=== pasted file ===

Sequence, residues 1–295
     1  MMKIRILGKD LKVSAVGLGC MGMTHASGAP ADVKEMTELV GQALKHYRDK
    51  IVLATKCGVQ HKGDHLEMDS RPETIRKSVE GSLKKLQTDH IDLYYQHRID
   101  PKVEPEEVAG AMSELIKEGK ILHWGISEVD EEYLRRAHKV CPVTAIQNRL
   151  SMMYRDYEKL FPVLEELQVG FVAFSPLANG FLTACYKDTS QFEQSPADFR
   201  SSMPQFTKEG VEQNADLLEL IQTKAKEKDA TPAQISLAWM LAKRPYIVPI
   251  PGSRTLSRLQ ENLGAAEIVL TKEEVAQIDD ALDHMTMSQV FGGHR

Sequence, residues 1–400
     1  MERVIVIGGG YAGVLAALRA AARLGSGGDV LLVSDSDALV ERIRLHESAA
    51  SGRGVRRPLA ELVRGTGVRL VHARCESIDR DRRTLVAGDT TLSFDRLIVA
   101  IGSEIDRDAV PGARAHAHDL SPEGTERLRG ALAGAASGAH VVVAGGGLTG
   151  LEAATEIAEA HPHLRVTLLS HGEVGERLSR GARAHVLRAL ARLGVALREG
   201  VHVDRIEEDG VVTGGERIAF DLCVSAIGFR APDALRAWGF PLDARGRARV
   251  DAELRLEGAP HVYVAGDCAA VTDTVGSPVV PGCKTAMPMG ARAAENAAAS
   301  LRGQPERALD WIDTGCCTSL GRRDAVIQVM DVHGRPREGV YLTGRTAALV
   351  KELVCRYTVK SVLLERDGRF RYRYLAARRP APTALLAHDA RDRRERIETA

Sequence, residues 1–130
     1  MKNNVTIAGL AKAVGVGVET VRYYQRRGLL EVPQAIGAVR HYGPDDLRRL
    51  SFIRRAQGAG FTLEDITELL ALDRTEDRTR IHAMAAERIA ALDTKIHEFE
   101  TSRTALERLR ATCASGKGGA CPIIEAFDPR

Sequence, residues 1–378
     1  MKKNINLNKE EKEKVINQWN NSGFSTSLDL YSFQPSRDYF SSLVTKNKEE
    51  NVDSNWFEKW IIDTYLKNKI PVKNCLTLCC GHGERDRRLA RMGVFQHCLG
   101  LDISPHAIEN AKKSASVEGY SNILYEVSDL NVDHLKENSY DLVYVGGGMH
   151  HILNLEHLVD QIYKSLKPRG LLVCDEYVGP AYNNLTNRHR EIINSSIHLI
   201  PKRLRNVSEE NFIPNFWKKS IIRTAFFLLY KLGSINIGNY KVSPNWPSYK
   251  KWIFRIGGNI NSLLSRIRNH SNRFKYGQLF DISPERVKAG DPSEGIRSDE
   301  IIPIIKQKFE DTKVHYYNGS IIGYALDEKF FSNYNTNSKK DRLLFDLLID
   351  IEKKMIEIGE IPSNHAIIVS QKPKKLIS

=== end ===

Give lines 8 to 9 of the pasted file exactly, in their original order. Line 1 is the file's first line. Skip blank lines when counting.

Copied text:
Sequence, residues 1–400
     1  MERVIVIGGG YAGVLAALRA AARLGSGGDV LLVSDSDALV ERIRLHESAA